How have defined benefit plans faired in 2019? That depends very much on how you measure pension liabilities. If you believe that liabilities and assets grow at the same rate (the ROA under GASB), then 2019 is a very strong year for pension America’s public funds and multiemployer plans. If, however, you believe that liabilities should be measured on an economic value basis, 2019 is proving to be a challenging year once again.
Let’s take a look at the numbers. Using a generic, and fairly conservative, asset allocation to represent pension assets of cash (5%), bonds (30%), domestic equities (60%) and international equities (5%), one gets a return of 15.7% year-to-date through September 30th. For plans that use GASB to measure and monitor liabilities, a 7.5% ROA objective would have liabilities appreciating by 5.6% YTD. Under that microscope, Pension America would be enjoying a banner year.
However, the Society of Actuaries produced a seminal piece in 2004 titled, “Principals underlying Asset Liability Management (ALM)” that stated the following: “Accounting and actuarial measures can sometimes distort economic reality and produce results inconsistent with economic value.” Given their desire to see the facts, and nothing but the facts (thanks, Sergeant Friday), let’s look at how pension America would be doing this year if plan liabilities were shown on an economic basis. According to Ryan ALM, liabilities valued at the Treasury STRIPS curve would produce a 17.6% year-to-date return exceeding asset growth by 1.9% so far.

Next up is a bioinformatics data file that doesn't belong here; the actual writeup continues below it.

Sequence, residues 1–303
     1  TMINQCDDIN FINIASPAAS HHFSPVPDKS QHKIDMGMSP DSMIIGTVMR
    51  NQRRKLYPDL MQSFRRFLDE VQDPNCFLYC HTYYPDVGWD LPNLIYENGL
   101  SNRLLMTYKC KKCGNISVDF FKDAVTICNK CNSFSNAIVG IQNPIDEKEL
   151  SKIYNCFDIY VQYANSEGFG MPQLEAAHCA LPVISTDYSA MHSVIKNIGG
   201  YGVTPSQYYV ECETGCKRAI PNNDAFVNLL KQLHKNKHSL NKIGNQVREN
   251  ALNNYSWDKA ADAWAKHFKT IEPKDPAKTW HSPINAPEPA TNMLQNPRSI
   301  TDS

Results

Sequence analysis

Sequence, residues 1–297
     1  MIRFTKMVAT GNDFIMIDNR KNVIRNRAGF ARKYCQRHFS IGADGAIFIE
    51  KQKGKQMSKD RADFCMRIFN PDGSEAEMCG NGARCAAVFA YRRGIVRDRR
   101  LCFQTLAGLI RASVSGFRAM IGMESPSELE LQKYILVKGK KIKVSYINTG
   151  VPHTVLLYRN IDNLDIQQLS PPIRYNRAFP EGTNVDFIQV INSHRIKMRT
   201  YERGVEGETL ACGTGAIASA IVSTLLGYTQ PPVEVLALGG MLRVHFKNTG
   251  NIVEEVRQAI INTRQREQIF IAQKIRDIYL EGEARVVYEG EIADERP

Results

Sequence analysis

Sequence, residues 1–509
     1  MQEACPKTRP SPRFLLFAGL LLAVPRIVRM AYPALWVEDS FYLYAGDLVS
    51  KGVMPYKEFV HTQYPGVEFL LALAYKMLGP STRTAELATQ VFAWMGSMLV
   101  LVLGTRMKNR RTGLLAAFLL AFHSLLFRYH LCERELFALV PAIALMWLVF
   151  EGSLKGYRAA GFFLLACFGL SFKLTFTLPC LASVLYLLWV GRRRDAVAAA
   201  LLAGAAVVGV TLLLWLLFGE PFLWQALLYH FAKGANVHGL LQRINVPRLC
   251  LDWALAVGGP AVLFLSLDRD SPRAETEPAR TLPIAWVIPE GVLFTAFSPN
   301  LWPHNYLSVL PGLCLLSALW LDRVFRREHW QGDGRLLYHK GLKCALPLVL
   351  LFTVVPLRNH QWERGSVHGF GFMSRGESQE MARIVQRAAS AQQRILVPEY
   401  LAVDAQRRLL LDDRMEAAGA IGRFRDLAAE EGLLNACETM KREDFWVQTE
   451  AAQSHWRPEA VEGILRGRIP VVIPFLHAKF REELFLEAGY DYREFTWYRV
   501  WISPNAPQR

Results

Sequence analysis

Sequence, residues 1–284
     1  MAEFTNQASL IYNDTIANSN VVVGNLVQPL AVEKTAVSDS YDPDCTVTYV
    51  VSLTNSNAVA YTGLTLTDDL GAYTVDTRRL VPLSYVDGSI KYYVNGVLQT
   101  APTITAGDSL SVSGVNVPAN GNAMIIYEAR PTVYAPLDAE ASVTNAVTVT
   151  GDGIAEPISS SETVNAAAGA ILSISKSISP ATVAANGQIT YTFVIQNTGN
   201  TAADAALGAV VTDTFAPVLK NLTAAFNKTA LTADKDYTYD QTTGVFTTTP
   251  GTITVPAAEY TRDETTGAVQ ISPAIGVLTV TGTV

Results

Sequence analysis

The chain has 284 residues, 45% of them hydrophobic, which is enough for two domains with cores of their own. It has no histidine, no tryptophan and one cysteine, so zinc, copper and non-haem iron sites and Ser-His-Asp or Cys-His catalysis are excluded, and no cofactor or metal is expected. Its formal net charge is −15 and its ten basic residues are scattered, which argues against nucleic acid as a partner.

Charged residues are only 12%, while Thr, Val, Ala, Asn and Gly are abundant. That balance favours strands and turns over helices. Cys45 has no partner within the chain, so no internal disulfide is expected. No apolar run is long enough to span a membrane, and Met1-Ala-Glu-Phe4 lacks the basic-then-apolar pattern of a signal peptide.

For corporate America, the year is even more challenging, as liability growth under ASC 715/FAS 158 would be 21.6% YTD. Ouch! What is right? Do we truly believe that assets and liabilities grow at the same rate? We know that liabilities are highly interest-rate sensitive and are bond-like in their price movement. Do we value equities and bonds at the same growth rate? Of course not. Given the recent significant move down in U.S. rates, liability growth has been robust. What we need is a protracted and sustained period of economic growth, a bit more inflation, and finally rising rates to keep liability growth in check. In that environment liability growth could actually produce a negative return, making it far easier for assets to outperform liabilities. Regrettably, inflation isn’t on the horizon, economic growth is waning globally, and U.S. interest rates are not likely to rise substantially from these depressed levels. But, pretending that your liabilities have only grown by 5.6% YTD is very ostrich-like.